UN chemical inspectors leave Syria

UN inspectors

America says it has compelling evidence the Syrian government carried out the chemical weapons attacks that killed hundreds of people last week.

That's despite UN weapons inspectors saying it could be two weeks before the results of their tests on the site are released.

The UN inspectors have now arrived in the neighbouring country Lebanon after four days of inspections.

And their departure may pave the way for US military strikes in Syria.

Any attack that might have placed UN inspectors in danger would have been highly unlikely.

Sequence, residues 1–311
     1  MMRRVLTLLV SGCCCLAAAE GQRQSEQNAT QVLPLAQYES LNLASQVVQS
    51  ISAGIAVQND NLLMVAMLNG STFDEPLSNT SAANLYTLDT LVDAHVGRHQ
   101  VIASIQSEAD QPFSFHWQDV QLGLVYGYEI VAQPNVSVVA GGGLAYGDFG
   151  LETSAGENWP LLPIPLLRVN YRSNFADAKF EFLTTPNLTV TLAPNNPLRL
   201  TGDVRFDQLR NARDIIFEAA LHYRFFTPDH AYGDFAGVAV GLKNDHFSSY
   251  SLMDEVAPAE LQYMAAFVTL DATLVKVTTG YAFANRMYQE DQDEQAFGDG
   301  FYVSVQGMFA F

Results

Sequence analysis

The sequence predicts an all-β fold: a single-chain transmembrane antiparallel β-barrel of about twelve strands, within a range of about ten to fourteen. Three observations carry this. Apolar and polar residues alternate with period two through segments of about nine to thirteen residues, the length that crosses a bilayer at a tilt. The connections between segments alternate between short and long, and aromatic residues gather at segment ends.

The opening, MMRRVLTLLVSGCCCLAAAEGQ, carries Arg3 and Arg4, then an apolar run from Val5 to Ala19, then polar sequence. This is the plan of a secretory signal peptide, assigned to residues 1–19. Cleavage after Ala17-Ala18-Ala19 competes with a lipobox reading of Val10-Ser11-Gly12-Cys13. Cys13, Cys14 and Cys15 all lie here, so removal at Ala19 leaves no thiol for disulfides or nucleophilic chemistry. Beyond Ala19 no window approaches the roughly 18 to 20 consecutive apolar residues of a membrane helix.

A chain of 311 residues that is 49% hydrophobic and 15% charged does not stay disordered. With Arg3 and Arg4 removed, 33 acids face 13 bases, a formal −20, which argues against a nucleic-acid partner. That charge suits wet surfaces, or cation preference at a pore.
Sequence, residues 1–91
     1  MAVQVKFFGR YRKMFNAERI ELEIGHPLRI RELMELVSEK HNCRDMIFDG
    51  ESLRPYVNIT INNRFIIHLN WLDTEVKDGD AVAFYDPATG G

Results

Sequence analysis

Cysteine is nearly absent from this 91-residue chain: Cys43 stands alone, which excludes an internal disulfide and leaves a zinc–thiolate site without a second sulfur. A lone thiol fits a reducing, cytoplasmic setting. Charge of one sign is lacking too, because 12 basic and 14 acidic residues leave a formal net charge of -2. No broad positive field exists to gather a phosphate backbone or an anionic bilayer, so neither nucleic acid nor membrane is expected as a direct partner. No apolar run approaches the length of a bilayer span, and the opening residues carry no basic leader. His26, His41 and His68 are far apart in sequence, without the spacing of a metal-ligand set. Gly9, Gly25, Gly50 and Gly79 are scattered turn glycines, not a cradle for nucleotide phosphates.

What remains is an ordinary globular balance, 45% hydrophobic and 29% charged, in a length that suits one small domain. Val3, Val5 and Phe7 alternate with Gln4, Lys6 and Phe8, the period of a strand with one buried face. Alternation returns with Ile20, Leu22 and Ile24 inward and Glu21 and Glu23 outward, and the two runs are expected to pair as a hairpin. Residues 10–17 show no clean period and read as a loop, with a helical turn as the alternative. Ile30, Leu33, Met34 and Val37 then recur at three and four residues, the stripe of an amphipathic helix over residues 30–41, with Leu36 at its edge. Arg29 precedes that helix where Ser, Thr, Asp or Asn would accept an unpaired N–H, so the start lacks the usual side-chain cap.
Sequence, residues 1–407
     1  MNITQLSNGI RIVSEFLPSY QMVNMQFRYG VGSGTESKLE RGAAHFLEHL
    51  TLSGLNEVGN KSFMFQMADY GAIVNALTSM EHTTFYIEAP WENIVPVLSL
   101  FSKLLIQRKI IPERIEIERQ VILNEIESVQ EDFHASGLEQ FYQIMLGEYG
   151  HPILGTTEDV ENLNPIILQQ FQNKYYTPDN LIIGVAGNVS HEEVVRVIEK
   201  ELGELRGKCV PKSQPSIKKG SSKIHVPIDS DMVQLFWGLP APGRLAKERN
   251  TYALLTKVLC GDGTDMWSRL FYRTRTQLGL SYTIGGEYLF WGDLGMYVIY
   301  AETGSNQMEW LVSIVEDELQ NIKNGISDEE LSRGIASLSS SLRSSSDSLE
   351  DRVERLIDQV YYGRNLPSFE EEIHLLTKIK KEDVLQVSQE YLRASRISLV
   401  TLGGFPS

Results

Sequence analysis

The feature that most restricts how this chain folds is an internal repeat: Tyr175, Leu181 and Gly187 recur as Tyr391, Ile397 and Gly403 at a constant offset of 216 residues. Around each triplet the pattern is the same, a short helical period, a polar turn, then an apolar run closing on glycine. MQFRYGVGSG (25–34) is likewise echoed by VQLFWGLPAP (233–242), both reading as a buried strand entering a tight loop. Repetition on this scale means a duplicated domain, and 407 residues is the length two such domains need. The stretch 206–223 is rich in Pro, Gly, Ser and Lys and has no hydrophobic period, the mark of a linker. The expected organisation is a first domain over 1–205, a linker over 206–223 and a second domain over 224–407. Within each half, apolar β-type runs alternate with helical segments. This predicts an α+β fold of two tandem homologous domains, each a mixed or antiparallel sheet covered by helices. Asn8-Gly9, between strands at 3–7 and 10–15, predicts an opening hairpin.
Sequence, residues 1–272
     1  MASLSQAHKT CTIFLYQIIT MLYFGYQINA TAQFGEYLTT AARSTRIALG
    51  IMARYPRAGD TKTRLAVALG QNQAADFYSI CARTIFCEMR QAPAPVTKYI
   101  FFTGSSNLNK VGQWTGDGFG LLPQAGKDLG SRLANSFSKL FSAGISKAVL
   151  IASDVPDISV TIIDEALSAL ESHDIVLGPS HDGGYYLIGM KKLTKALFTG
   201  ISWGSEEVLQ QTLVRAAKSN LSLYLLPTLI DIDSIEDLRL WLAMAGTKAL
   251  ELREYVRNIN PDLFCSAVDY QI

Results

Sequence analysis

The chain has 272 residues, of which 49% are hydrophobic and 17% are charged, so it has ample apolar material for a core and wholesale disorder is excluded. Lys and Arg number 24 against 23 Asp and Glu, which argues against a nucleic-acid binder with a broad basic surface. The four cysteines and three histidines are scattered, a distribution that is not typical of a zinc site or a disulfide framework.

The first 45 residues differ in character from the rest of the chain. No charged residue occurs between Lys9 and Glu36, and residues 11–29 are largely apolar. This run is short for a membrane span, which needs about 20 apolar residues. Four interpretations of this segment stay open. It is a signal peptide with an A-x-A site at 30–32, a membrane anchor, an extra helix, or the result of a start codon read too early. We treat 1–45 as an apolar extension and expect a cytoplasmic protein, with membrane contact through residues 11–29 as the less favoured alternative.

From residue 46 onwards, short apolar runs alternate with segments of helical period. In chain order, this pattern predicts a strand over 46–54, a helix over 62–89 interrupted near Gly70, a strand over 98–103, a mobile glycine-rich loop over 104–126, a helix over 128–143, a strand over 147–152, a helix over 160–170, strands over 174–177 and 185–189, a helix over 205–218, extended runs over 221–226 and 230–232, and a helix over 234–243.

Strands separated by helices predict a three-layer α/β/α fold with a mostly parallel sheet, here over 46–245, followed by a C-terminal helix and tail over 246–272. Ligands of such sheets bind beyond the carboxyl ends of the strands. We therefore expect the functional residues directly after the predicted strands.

Speaking on Friday, President Obama said the alleged attack in Damascus' suburbs on 21 August was "a challenge to the world" that threatened America's "national security interests".

US President Barack Obama. Photo: 30 August 2013 Mr Obama has discussed the situation in Syria with British Prime Minister David Cameron and French President Francois Hollande.

"We cannot accept a world where women and children and innocent civilians are gassed on a terrible scale.

But the US leader stressed that Washington was "looking at the possibility of a limited, narrow act", and there would not be any soldiers sent in to fight on the ground or a "long-term campaign".

Last week we asked BBC Security Correspondent Frank Gardner to answers Newsround viewers' questions about Syria - what's going on and what may happen in the future.

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